News to me that examiners "may not invoke "good common sense" to reject a patent application without some factual foundation." Then again, maybe not, at least on the backhand of that. My extensive experience over the past decade is that examiners seldom evince good common sense. Ouch again.

In counseling that courts "need not seek out precise teachings directed to the specific subject matter of the challenged claim," the Supreme Court clarified that courts may look to a wider diversity of sources to bridge the gap between the prior art and a conclusion of obviousness. KSR, 550 U.S. at 418. We previously noted that "[t]he reason, suggestion, or motivation to combine may be found explicitly or implicitly: 1) in the prior art references themselves; 2) in the knowledge of those of ordinary skill in the art that certain references, or disclosures in those references, are of special interest or importance in the field; or 3) from the nature of the problem to be solved . . . ." Ruiz v. A.B. Chance Co., 234 F.3d 654, 665 (Fed. Cir. 2000). KSR expanded the sources of information for a properly flexible obviousness inquiry to include market forces; design incentives; the "interrelated teachings of multiple patents"; "any need or problem known in the field of endeavor at the time of invention and addressed by the patent"; and the background knowledge, creativity, and common sense of the person of ordinary skill. 550 U.S. at 418-21.

When considering these sources, the Supreme Court remarked that "[r]igid preventative rules that deny factfinders recourse to common sense, however, are neither necessary under our case law nor consistent with it." Id. at 421. Thus, the Supreme Court instructed that factfinders may use common sense in addition to record evidence. As an example of this flexibility, KSR noted that courts should avoid "overemphasis on the importance of published articles and the explicit content of issued patents." Id. at 419. Nor are expert opinions always a prerequisite, for "[i]n many patent cases expert testimony will not be necessary because the technology will be easily understandable without the need for expert explanatory testimony." Centricut, LLC v. Esab Group, Inc., 390 F.3d 1361, 1369 (Fed. Cir. 2004) (quotation omitted); see also Sundance, Inc. v. Demonte Fabricating Ltd., 550 F.3d 1356, 1365 (Fed. Cir. 2008) (affirming obviousness where "[t]he technology is simple and neither party claims that expert testimony is required"). We therefore hold that while an analysis of obviousness always depends on evidence that supports the required Graham factual findings, it also may include recourse to logic, judgment, and common sense available to the person of ordinary skill that do not necessarily require explication in any reference or expert opinion.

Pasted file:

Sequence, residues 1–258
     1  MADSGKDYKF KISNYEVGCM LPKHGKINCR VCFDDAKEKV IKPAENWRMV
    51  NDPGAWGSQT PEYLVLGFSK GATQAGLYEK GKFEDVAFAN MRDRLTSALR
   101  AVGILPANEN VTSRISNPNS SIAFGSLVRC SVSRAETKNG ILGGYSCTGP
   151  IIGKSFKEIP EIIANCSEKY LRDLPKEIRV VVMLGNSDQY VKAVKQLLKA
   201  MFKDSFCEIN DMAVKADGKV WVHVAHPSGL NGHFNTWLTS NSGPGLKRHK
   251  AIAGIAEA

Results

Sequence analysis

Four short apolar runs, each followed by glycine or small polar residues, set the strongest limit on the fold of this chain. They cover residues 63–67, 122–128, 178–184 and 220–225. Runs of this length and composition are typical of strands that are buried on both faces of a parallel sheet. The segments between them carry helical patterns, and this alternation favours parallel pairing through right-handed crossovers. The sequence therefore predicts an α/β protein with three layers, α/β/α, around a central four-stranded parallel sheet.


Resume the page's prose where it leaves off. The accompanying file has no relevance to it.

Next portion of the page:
Although the obviousness analysis should "take account of the inferences and creative steps that a person of ordinary skill in the art would employ," the Supreme Court emphasized that this evidentiary flexibility does not relax the requirement that, "[t]o facilitate review, this analysis should be made explicit." Id. at 418 (citing Kahn, 441 F.3d at 988 ("[R]ejections on obviousness grounds cannot be sustained by mere conclusory statements; instead, there must be some articulated reasoning with some rational underpinning to support the legal conclusion of obviousness.")). "[T]he analysis that 'should be made explicit' refers not to the teachings in the prior art of a motivation to combine, but to the court's analysis." Ball Aerosol & Specialty Container, Inc. v. Ltd. Brands, Inc., 555 F.3d 984, 993 (Fed. Cir. 2009). We reiterate that, on summary judgment, to invoke "common sense" or any other basis for extrapolating from prior art to a conclusion of obviousness, a district court must articulate its reasoning with sufficient clarity for review.

The synonym for "articulate" is "intelligible." This is not a high bar, folks. But, to Perfect Web, it was a low blow.